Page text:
Heaven knows I'm miserable now

Film review: Les Misérables: Tom Hooper directs Anne Hathaway and Hugh Jackman in the big screen version of Victor Hugo's tale



Tom Hooper has made one good decision in adapting the stage musical Les Misérables, which itself has been adapted from Victor Hugo's immense novel. In most screen musicals the actors lip-sync to songs on a pre-recorded track. Hooper instead has got his cast to sing live on camera, aiming to replicate the spontaneity and freshness that have bewitched fans of the stage show – which is still packing them in, of course.

The great beneficiary of this is Anne Hathaway, whose version of "I Dreamed a Dream" is fierce and true, her martyred mother Fantine delivering a sob in the throat that's very you-are-there. I have to say, it was moving. The rest of the time I just wanted to get moving, far away from its oppressive clamour.

For in most other respects this is a really poor movie, uneven, bloated, bombastic and horribly strained. You know the awkward habit of people who stand too close to you when they speak? That's this movie. Whereas the stage allows a decorous distance between performer and audience, the camera in "Les Mis" positions itself just below the actor's nose, leaving no room to breathe. Why was it thought necessary to have close-ups of everybody's tonsils and teeth? In the case of Anne Hathaway the effect of her mouth opening in song is quite disconcerting – you could fit an Oscar statuette in there, sideways. But at least she can sing...

The surprise of Les Misérables for me was twofold. The first is the performance of Hugh Jackman, a likeable actor whose stage-work has been much admired (they say he was terrific in Oklahoma!). Jackman plays the pivotal role of Jean Valjean, whom we first see in 1815 as an emaciated convict doing hard labour for the crime of stealing a loaf. After he breaks parole he vanishes, reappearing eight years later in Montreuil as a factory owner and town mayor. But he can't shake off the pursuing fury of his one-time captor Javert (Russell Crowe), whose obsessive and inexplicable antagonism towards Valjean is the engine of the whole plot.

Jackman, sorely tried by fate, needs a voice to communicate these woes, and to my ears he just doesn't have it. For much of the time he brays, an unlovely sound that keeps going out of tune. In one song, "Bring Him Home", he has to reach high on tippy-toes for the last note, and the uncertainty of his getting there is excruciating. He sounds like he's having a cow.

Perhaps he took one look at the lyrics and thought: I'd better belt these out or I'm dead. Because that's the other surprise. The songs – music by Claude-Michel Schönberg, lyrics by Herbert Kretzmer – are astonishing in their power-ballad mediocrity. There's not a single seductive tune in the entire score. Which makes you wonder what on earth induced Russell Crowe to sign on. Even if he had been given a decent song he couldn't sing it.

A friend reckoned Crowe's strangulated voice sounded a bit Elvis Costello, and I spent the rest of the film trying to picture him in large black-framed spectacles. His poptastic stylings are different, at any rate, from the tremulous vibrato Jackman smothers everything in. But it's also mysterious that he wanted to play Javert, whose dedication to tormenting Valjean has no psychological interest and indeed comes to seem merely churlish. Perhaps he just liked pronouncing "monsieur" as "murh-shewer".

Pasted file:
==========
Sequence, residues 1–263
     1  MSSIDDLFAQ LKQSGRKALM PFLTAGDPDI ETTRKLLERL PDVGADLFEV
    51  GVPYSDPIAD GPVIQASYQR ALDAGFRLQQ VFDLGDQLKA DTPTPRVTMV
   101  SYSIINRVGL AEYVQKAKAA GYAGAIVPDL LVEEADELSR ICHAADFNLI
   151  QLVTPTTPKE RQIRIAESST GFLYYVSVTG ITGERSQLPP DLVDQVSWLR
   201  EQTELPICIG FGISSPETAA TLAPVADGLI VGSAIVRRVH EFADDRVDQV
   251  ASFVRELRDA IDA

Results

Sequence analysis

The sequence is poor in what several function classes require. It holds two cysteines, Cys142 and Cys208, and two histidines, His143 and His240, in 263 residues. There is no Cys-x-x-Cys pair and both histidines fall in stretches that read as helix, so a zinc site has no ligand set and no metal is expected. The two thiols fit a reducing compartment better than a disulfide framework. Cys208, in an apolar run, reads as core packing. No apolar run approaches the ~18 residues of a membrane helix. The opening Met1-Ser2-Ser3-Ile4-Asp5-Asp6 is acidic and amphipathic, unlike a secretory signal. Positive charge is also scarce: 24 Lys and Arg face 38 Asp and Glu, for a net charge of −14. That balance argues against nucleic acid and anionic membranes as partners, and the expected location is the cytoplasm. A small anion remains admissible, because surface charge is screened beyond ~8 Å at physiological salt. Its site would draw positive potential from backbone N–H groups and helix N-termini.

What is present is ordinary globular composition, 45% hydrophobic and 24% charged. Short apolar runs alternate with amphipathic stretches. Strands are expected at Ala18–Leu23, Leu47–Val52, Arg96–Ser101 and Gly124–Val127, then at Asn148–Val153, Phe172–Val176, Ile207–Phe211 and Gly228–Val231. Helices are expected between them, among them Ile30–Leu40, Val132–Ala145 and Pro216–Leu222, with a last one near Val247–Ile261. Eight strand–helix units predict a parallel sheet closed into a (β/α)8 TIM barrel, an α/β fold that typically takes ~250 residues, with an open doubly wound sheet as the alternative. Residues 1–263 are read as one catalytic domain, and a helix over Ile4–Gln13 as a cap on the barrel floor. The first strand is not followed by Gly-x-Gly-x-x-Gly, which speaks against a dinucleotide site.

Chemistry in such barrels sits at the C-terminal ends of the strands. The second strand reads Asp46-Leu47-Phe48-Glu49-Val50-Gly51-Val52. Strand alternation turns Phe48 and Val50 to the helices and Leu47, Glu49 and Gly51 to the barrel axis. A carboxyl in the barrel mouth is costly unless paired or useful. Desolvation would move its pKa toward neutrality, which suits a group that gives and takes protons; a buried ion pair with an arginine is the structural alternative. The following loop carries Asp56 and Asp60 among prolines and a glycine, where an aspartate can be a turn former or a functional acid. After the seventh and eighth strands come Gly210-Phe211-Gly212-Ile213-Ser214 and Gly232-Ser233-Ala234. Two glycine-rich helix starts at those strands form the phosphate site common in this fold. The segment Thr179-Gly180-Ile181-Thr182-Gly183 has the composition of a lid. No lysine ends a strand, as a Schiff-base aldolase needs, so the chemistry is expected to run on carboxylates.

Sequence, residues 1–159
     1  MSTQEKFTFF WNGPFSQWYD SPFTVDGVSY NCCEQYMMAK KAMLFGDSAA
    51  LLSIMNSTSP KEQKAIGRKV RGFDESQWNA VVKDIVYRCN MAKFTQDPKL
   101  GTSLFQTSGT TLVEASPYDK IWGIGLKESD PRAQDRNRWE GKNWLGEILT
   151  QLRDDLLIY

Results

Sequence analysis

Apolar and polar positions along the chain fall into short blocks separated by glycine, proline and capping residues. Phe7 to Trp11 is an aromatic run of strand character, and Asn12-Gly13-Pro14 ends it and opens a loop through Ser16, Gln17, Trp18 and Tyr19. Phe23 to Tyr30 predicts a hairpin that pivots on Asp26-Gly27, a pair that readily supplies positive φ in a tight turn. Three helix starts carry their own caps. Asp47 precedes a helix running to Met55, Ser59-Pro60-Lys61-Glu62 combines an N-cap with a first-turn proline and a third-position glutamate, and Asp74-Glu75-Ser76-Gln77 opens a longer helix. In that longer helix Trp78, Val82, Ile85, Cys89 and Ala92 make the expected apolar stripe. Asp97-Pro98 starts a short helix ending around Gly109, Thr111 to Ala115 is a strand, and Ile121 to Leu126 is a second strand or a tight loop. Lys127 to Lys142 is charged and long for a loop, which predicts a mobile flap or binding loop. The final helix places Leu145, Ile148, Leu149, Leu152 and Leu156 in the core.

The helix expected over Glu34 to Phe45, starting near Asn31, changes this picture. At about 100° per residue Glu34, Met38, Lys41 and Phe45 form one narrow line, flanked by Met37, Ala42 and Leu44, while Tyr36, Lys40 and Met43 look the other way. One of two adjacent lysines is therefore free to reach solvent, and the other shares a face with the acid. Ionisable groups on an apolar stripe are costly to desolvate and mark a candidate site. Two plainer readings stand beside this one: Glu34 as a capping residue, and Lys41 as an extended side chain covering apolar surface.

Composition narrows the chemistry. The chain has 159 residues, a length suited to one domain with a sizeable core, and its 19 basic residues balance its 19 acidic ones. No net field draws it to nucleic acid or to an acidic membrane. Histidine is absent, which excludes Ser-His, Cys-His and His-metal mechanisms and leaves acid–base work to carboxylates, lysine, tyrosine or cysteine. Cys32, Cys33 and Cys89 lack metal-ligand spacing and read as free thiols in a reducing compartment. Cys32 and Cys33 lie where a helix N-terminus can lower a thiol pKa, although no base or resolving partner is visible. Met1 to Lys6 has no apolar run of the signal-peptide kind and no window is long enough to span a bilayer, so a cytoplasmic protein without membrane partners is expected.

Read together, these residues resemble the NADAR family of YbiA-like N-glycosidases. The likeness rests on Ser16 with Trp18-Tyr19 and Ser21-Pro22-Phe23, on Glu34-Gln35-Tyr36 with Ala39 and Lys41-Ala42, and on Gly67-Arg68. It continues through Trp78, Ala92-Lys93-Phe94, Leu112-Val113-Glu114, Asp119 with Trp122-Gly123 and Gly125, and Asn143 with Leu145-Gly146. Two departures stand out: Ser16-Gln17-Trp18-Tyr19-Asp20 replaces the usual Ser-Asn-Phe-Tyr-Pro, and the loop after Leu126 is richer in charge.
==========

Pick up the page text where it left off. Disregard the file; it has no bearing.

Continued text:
The ensemble nature of the piece ought to inject some variety, yet it just means that the awkwardness gets shared around. The second act, which shifts to Paris in 1832, trains the spotlight on Eddie Redmayne as Marius, a revolutionary firebrand who falls in love with Cosette (Amanda Seyfried), Fantine's grown-up daughter, and is in turn loved by the forlorn Eponine (Samantha Barks). These three acquit themselves pretty well, Redmayne in particular steadying the ship with his firm tenor.

The depiction of the city in rebellious tumult, however, can only be a fizzle when "manning the barricades" is restricted to a single pile of furniture blocking a street corner. On stage this probably works OK – here it's farcical. When the army shows up with cannons, you wonder why they don't just send in a few infantry to step over it. The light relief provided by Sacha Baron Cohen and Helena Bonham Carter as a lowlife pair of innkeepers grows tiresome as well, though the former does provide a laugh when he bids a farewell to Cosette as "Colette" (he later amends it to "Courgette").

So please excuse my being baffled at the success of Les Misérables, which this movie version will undoubtedly repeat, if not in quite the same numbers. (I read somewhere that since the show opened in 1985 it has been seen by more than 60 million people.) It can't be the music, which is terrible. It can't be the romance, which is wet, wet, wet. Could the appeal lie in its simple (Christian) allegory of suffering and redemption, in its rewarding of the man who lives by compassion over the man implacably driven to persecute? But then it would require characters of much greater complexity than Valjean and Javert to animate them. Perhaps it's simple spectacle, with the massed ensemble and the revolving stages, that lends it enchantment, a quality notably absent in its transfer to the screen.

The closest the film comes to theatre is the final tableau of the cast, clambering back on the barricade to sing their hearts out again, even the ones who died in the story. Did I sense in their joyous warbling a relief that it was over? No – I was just sensing my own.

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